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Freshman embodies positive impact of Junior Achievement

A high school freshman’s authentic remarks at the 2019 Adopt-A-School & Community Partners Breakfast Reception captured the spirit of Junior Achievement of the Bluegrass, which educates young people about workforce readiness, entrepreneurship, and basic financial matters. 

“I’m better equipped, and JA is such a benefit to students of all ages,” Henry Clay’s Grace Melton told the audience at JA’s facility on Spurr Road. She has learned how education influences careers and income levels as well as the importance of credit scores and household budgets, making informed purchases, and limiting the risk of financial loss. “JA prepares us for how to successfully get a job and how to save money,” Grace said. “They go in-depth instead of just talking and telling.”  

JA celebrated the year’s achievements and handed out its annual awards at the April 17 event. Teacher of the Year honors went to Shawna Petke, a social studies instructor at Jessie Clark Middle School since 1999, who was nominated by JA volunteers Susan Leemhuis of Lexmark International and Vivian Moore of Kentucky Utilities. 

“Junior Achievement addresses many of the economics principles I teach throughout the year and has always given my students and me a platform for discussing the truly interconnected world we live in. I value my JA volunteers because each of them brings different expertise and life experience that enhances their delivery of the content,” Petke said. “In addition, I am committed to civic participation, and each of my volunteers shares my commitment and demonstrates the importance of selflessly giving to others.”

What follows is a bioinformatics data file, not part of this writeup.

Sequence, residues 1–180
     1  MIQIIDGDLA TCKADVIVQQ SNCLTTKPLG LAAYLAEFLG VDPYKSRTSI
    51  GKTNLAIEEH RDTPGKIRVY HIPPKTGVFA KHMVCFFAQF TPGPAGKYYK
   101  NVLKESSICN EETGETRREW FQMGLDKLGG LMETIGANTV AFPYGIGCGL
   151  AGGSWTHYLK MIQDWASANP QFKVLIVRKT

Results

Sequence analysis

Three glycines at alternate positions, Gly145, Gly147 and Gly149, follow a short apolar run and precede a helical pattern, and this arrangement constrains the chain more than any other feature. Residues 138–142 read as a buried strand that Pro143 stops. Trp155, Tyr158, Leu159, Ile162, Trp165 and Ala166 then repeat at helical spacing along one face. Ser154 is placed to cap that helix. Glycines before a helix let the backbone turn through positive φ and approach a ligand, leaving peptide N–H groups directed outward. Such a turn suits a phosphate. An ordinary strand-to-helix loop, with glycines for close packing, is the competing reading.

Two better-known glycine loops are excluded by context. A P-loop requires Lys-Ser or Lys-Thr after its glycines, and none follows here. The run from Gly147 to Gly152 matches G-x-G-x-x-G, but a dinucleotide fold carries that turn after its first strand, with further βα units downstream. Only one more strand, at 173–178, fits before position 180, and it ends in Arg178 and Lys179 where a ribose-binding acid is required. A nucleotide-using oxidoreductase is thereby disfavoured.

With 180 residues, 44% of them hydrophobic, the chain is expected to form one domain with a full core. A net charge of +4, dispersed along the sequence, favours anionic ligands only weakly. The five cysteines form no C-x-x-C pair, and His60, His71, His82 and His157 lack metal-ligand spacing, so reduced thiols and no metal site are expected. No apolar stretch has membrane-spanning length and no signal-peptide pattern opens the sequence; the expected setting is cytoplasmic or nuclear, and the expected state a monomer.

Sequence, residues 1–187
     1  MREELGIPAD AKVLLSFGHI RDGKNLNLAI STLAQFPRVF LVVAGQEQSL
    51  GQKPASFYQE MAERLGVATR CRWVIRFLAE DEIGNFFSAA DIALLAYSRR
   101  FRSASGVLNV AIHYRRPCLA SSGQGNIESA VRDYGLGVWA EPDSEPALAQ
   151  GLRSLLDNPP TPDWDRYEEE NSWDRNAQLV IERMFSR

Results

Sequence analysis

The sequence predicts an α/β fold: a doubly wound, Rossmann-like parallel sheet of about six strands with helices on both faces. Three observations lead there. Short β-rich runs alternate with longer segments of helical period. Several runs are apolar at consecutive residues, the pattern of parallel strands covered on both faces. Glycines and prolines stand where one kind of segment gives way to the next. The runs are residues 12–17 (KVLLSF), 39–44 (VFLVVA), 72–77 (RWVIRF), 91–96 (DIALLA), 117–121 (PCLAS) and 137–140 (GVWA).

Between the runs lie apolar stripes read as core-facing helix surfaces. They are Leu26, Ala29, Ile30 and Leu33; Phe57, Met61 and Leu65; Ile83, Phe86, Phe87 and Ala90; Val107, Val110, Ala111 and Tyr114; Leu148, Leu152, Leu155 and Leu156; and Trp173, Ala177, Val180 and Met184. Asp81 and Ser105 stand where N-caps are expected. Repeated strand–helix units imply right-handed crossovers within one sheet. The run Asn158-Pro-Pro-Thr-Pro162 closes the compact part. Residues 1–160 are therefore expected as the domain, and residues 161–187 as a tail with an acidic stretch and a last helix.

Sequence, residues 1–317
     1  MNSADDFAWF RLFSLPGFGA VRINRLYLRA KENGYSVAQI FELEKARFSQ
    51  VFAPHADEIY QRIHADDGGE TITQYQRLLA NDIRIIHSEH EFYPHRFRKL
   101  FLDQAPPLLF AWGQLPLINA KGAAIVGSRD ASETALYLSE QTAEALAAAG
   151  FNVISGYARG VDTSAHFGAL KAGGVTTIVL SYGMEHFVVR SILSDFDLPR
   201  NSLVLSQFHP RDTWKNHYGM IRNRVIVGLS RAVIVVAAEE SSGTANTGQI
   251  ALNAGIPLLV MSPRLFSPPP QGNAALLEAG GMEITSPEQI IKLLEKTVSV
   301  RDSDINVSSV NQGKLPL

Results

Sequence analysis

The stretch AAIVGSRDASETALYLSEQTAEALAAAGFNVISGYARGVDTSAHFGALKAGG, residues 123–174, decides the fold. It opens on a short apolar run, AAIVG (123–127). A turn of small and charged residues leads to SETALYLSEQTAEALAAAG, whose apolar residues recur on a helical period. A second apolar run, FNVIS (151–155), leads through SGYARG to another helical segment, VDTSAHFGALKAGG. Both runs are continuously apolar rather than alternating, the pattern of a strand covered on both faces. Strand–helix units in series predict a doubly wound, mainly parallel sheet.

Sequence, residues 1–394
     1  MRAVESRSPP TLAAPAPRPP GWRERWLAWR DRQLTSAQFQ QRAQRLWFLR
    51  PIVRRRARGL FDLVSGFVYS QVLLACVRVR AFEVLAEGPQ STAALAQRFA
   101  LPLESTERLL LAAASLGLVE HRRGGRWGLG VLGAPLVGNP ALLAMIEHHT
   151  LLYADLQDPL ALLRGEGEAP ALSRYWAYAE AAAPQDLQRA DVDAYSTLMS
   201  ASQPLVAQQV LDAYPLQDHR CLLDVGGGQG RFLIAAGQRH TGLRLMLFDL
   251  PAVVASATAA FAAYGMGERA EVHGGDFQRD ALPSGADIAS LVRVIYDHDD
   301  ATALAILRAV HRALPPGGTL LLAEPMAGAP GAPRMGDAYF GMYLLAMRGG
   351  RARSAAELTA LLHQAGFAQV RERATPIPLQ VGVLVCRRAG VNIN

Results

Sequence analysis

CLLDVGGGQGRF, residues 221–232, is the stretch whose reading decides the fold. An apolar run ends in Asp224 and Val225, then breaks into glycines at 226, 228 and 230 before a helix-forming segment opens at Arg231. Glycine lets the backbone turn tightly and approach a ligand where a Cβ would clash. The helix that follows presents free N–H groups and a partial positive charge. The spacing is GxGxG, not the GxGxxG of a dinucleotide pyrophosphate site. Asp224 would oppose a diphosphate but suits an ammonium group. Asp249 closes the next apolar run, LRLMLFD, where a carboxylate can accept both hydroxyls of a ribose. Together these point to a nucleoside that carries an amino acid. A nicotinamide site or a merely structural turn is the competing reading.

The Volunteer of the Year award went to Amanda Nielsen of Park Community Credit Union, who was nominated by teacher Jessica Sauls from Yates Elementary. Nielsen has served for two years, led nearly 30 classes, and assisted with JA BizTown events. “I really love this program,” she said. “It teaches students things they may not always learn in the normal classroom curriculum.  For instance, in some of the first-grade classes, we talk about our communities -- what they look like and why it is OK that they look different, recognizing all the beautiful things that make up where we live, work, and go to school.” Nielsen also values the BizTown component for fifth-graders. “It allows them to understand the real working world and apply the things that they have been learning in the classroom,” she said. “It is amazing to see the students get stressed about paying back their hypothetical business loan and the joy that their paycheck brings them!” 

JA board member Scott Navis presented the third award, Volunteer of the Year (Outlying County), to Ava Steele of Bechtel Parsons Bluegrass. She was nominated Rita Denief of B. Michael Caudill Middle School in Madison County. 

In JA’s Adopt-A-School program, companies provide student materials and volunteer training for a particular school. Other partners support the financial literacy programs and JA curriculum. Each has invested at least $5,000.   

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  • "Junior Achievement has given me a sense of what adults go through with budget issues."

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